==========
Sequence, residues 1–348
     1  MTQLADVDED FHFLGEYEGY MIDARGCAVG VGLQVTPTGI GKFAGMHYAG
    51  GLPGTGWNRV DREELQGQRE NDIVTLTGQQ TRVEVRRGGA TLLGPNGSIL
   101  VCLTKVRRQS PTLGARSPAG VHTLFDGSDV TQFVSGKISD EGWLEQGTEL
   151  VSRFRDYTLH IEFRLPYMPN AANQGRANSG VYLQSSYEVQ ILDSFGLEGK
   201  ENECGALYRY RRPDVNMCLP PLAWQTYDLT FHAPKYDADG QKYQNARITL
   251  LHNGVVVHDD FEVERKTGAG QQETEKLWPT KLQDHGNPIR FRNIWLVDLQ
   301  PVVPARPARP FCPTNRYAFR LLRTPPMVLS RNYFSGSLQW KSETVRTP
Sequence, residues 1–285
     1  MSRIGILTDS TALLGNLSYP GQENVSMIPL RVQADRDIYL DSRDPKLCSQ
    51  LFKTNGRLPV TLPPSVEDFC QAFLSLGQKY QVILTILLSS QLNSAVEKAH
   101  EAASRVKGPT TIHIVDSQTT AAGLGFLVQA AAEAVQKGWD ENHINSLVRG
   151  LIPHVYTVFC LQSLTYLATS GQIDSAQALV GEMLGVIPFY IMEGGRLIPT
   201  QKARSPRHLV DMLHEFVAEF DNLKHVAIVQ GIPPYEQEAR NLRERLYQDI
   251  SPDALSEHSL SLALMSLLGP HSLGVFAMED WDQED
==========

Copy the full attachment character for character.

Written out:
Sequence, residues 1–348
     1  MTQLADVDED FHFLGEYEGY MIDARGCAVG VGLQVTPTGI GKFAGMHYAG
    51  GLPGTGWNRV DREELQGQRE NDIVTLTGQQ TRVEVRRGGA TLLGPNGSIL
   101  VCLTKVRRQS PTLGARSPAG VHTLFDGSDV TQFVSGKISD EGWLEQGTEL
   151  VSRFRDYTLH IEFRLPYMPN AANQGRANSG VYLQSSYEVQ ILDSFGLEGK
   201  ENECGALYRY RRPDVNMCLP PLAWQTYDLT FHAPKYDADG QKYQNARITL
   251  LHNGVVVHDD FEVERKTGAG QQETEKLWPT KLQDHGNPIR FRNIWLVDLQ
   301  PVVPARPARP FCPTNRYAFR LLRTPPMVLS RNYFSGSLQW KSETVRTP
Sequence, residues 1–285
     1  MSRIGILTDS TALLGNLSYP GQENVSMIPL RVQADRDIYL DSRDPKLCSQ
    51  LFKTNGRLPV TLPPSVEDFC QAFLSLGQKY QVILTILLSS QLNSAVEKAH
   101  EAASRVKGPT TIHIVDSQTT AAGLGFLVQA AAEAVQKGWD ENHINSLVRG
   151  LIPHVYTVFC LQSLTYLATS GQIDSAQALV GEMLGVIPFY IMEGGRLIPT
   201  QKARSPRHLV DMLHEFVAEF DNLKHVAIVQ GIPPYEQEAR NLRERLYQDI
   251  SPDALSEHSL SLALMSLLGP HSLGVFAMED WDQED